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Hollywood is a land of dress-up and make believe where white people can be anyone they want, including Asian people, but actual people of Asian descent can only play stereotypes of what white people think Asian people are like.

On Tuesday, Harold and Kumar actor and former White House staffer Kal Penn released a series of awful scripts that look like they were written by your deceased racist grandfather. The roles, for shows like King of Queens and Sabrina the Teenage Witch, included a Gandhi lookalike, a snake charmer, a nerdy Indian guy with a strong accent named Parmesh, a character whose name—“Sanjib”—was the punchline for a white man, and many more.

While Penn ended on a positive note, the diversity stats in Hollywood are still terrible. According to the 2016 report on Diversity in Entertainment by USC’s Annenberg School for Communication and Journalism, despite the addition of diverse television shows like Black-ish and Fresh Off the Boat, less than a third of characters with dialogue from 200 TV shows and films were not white. Minorities make up nearly 40 percent of the U.S. population.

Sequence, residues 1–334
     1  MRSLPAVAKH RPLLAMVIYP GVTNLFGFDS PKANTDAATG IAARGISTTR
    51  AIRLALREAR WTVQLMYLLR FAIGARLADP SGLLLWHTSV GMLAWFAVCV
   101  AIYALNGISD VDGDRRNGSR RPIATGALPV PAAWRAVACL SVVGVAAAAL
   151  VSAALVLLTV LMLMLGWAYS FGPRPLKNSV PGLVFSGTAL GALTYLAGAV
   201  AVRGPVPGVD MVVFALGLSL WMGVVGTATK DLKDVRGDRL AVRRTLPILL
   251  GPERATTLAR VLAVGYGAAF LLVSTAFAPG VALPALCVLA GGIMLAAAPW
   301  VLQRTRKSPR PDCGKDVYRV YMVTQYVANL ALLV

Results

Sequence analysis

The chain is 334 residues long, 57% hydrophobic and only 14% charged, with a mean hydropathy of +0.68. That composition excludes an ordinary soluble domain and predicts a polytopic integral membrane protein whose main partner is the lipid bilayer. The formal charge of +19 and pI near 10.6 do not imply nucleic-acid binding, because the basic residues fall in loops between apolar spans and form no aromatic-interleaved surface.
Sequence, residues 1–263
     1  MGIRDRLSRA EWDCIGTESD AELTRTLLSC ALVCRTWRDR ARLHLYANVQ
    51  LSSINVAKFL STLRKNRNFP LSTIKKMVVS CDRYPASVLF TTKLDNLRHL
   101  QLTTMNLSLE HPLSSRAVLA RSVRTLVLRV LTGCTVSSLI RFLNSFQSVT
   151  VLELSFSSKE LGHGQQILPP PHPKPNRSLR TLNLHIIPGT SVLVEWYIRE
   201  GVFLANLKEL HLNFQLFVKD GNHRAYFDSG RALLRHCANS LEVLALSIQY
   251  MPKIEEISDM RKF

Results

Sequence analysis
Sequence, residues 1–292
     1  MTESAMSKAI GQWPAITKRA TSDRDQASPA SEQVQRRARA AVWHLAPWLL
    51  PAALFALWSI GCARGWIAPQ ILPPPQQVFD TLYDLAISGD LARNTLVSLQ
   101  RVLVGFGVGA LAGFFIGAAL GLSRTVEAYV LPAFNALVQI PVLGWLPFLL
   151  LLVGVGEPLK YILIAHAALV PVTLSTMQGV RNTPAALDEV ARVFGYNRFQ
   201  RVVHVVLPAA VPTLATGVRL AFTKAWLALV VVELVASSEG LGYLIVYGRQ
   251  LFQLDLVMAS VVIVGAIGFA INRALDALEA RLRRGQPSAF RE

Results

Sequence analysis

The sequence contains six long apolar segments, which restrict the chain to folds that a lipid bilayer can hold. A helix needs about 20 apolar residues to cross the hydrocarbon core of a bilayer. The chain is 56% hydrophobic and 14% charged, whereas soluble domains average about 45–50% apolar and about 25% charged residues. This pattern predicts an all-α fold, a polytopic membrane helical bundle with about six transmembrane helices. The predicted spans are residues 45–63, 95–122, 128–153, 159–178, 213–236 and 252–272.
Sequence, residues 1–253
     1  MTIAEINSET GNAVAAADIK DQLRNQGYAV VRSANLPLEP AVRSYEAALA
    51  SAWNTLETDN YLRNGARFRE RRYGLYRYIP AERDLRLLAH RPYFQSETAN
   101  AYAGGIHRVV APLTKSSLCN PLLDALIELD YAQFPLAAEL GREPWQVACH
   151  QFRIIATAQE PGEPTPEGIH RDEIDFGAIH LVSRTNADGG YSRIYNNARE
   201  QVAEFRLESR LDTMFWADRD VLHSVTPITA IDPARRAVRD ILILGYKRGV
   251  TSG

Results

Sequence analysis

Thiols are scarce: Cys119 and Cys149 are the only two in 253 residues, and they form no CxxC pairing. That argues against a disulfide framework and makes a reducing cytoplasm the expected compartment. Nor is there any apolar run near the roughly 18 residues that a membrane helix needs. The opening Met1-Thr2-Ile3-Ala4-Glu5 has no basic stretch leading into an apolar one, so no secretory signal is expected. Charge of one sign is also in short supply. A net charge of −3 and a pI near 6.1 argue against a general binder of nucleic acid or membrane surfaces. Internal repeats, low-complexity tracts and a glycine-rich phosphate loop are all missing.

And when people of color are cast, as Penn’s tweets show, too often they are tokenized. Comedian Aziz Ansari wrote an op-ed about about Hollywood’s whitewashing and typecasting problem in the New York Times in 2015, and devoted an entire episode to it in Master of None. He sums up the prohibitive thinking of white TV execs when one tells his character, Dev, “If I do a show with two Indian guys on the poster, everyone’s gonna think it’s an Indian show. It wouldn’t be as relatable to a large, mainstream audience.” Dev fires back: “Yeah, but you’d never say that about a show with two white people. Every show has two white people. People don’t watch ‘True Detective’ and go ‘oh, there’s that white detective show!’”